Charters Were Created to Share Innovations with Public Schools. Is That Happening?
It’s the end of the school day at the Not Your Ordinary School in North Austin and students in Melissa Hefner’s fourth grade class are sitting in a circle.
“Today what I’d like for you to share is something you did with a learning partner," Hefner says. "With a learning partner I worked on math power points," one student responded.
This charter school opened 18 years ago. Today, it has 950 students in kindergarten through 12th grade. Kathleen Zimmermann is the school’s executive director. She says parents are attracted to the small class sizes at NYOS.
“We have some innovations, too, like a year-round calendar and looping where kids keep the same teacher for multiple years to help build those relationships between students and teachers," she says. "And that kind of connection and closeness, helping teachers to understand what students need specifically is really is a draw for parents.”
More parents want in. Zimmermann says there are about 3,000 kids on a waitlist to attend the school's two campuses.
Charter schools have been in Texas for 20 years now and the number of students in charter schools has grown—from around 4,000 in the mid '90s – 0.01 percent of the Texas student population – to more than 200,000 students in recent years – 4 percent.
When Texas approved the first 20 charter school licenses in 1995, it was basically an experiment: free schools from some regulations, like teacher employment contracts, and see if the teachers and schools can find new ways to teach students. Charter schools could then share those ideas with traditional public schools.
But is that actually happening?
“It’s coming more slowly than many of us had hoped, probably," says David Dunn, executive director of the Texas Charter School Association.
Dunn says there’s at least two reasons for that.
“I think it’s kind of the sort of ‘tend to my garden’ syndrome," he says. "They're so focused. Running a successful school is hard work and folks tend to get focused on ensuring that their schools are doing a good job.”
The second reason: Charter schools are trying to attract the same students as traditional public schools.
“[Traditional ISDs] view charters as competition. When a student enrolls in a charter school, the state funding is reduced by the per-pupil-funding amount, so there’s some resistance there," Dunn says.
Plus, there's nothing that requires charters and traditional school districts to share these innovative ideas.
Dunn says more public and charter schools across the state are forming partnerships, but those aren’t always welcome in traditional school districts. A few years ago, former Austin ISD Superintendent Meria Carstarphen tried to partner with a charter school to help run an elementary school in East Austin. Anti-charter school groups protested. A handful of new school board trustees who supported the plan were voted out of office, and the contract was eventually canceled.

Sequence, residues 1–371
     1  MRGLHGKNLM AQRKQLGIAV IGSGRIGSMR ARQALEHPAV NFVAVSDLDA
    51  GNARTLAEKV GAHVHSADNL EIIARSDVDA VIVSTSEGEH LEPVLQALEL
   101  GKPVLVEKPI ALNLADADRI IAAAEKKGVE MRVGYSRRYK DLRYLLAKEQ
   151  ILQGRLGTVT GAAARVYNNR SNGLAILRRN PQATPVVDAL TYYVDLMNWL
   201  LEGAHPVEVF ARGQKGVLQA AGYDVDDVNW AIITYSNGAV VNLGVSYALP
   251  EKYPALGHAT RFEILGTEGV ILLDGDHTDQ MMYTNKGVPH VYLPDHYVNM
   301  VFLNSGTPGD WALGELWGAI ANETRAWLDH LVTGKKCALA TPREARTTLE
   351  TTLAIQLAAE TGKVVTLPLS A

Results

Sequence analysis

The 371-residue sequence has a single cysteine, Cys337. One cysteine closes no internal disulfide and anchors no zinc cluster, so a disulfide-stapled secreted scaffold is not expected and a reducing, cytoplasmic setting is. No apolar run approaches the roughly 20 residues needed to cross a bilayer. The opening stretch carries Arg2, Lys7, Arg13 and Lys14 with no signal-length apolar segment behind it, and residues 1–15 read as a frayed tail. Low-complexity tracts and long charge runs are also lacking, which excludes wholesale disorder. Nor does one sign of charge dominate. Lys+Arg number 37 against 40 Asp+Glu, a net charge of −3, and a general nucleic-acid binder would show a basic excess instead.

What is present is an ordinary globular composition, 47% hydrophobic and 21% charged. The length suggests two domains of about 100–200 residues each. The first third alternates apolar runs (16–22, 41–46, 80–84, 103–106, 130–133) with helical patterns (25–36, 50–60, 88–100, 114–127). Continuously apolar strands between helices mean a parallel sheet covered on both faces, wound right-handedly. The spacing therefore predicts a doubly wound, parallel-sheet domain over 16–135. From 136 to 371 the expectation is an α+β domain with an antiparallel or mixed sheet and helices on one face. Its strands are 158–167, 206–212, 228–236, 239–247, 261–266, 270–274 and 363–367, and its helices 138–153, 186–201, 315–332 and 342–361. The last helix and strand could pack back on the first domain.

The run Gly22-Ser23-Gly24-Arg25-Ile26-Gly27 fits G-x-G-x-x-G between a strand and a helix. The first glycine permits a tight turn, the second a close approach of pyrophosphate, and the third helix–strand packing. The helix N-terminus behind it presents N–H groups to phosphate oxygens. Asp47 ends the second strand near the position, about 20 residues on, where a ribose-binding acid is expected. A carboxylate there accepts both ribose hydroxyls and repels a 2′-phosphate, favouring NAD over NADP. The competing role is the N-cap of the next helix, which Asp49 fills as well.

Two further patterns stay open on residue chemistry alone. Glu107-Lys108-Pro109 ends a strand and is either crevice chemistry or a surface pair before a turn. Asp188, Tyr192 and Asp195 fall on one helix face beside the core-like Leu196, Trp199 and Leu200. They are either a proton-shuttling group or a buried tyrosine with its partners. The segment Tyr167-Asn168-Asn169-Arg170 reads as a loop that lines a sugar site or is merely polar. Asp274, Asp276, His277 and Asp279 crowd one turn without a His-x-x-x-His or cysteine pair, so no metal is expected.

Huriya Jabbar is an education policy professor at UT Austin who studies charter schools. She says when charters are innovative, it’s usually not around teaching and learning, but other, more structural, changes.
"So, teachers that are without a union contract or longer school days or using technology in the classroom – these innovations seem to be at the level of governance and not curriculum," she says.
She says these ideas are not as easy to translate to traditional public schools.
There’s another wrinkle. In the time since the state approved charter schools, lawmakers put more emphasis on test-based accountability, which affected both traditional schools and charters.
“Charters have been increasingly focused on improving test scores, and there’s a concern that might have shifted priorities from innovation to meeting requirements," Jabbar says.
In the end, charter school innovation was intended to improve student performance. Yet national and state studies find it’s hasn’t made a huge difference.
According to a review of Texas student data during the 2012-2013 school year, students at charter schools are no more, or no less, successful than students at traditional public schools. They score the same on standardized tests and graduation rates are the same in both traditional public schools and charters.
“Clearly charters are not a silver bullet or standalone solution to the problem of unequal educational opportunity in this country," Jabbar says.
David Dunn with the Texas Charter School Association agrees that charter students should be performing better than they are.
"Hopefully, as charter school performance increases, school districts will continue to react and adapt and continue to drive increased performance in traditional ISDs," Dunn says.
In the meantime, the Texas Charter School Association has developed a self-improvement system to help charter schools improve statewide.